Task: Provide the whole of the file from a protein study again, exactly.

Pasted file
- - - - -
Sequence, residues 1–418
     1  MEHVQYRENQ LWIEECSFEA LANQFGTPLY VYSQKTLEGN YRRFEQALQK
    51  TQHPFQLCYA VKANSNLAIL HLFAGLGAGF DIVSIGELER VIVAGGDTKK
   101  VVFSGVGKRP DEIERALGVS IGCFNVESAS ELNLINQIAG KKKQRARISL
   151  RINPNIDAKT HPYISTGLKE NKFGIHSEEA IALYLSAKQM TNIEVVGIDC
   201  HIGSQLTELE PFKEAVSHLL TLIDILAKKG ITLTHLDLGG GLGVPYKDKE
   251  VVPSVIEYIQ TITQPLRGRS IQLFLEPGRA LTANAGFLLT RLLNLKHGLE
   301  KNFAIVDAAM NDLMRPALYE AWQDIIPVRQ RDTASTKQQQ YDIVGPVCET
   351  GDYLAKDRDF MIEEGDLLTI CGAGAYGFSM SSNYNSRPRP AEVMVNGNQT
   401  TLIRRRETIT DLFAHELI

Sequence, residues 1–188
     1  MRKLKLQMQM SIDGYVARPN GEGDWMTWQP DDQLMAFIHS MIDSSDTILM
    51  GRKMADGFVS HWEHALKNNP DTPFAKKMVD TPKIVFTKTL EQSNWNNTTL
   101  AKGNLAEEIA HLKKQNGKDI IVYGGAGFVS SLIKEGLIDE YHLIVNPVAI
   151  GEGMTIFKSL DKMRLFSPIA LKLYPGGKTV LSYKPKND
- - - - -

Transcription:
Sequence, residues 1–418
     1  MEHVQYRENQ LWIEECSFEA LANQFGTPLY VYSQKTLEGN YRRFEQALQK
    51  TQHPFQLCYA VKANSNLAIL HLFAGLGAGF DIVSIGELER VIVAGGDTKK
   101  VVFSGVGKRP DEIERALGVS IGCFNVESAS ELNLINQIAG KKKQRARISL
   151  RINPNIDAKT HPYISTGLKE NKFGIHSEEA IALYLSAKQM TNIEVVGIDC
   201  HIGSQLTELE PFKEAVSHLL TLIDILAKKG ITLTHLDLGG GLGVPYKDKE
   251  VVPSVIEYIQ TITQPLRGRS IQLFLEPGRA LTANAGFLLT RLLNLKHGLE
   301  KNFAIVDAAM NDLMRPALYE AWQDIIPVRQ RDTASTKQQQ YDIVGPVCET
   351  GDYLAKDRDF MIEEGDLLTI CGAGAYGFSM SSNYNSRPRP AEVMVNGNQT
   401  TLIRRRETIT DLFAHELI

Sequence, residues 1–188
     1  MRKLKLQMQM SIDGYVARPN GEGDWMTWQP DDQLMAFIHS MIDSSDTILM
    51  GRKMADGFVS HWEHALKNNP DTPFAKKMVD TPKIVFTKTL EQSNWNNTTL
   101  AKGNLAEEIA HLKKQNGKDI IVYGGAGFVS SLIKEGLIDE YHLIVNPVAI
   151  GEGMTIFKSL DKMRLFSPIA LKLYPGGKTV LSYKPKND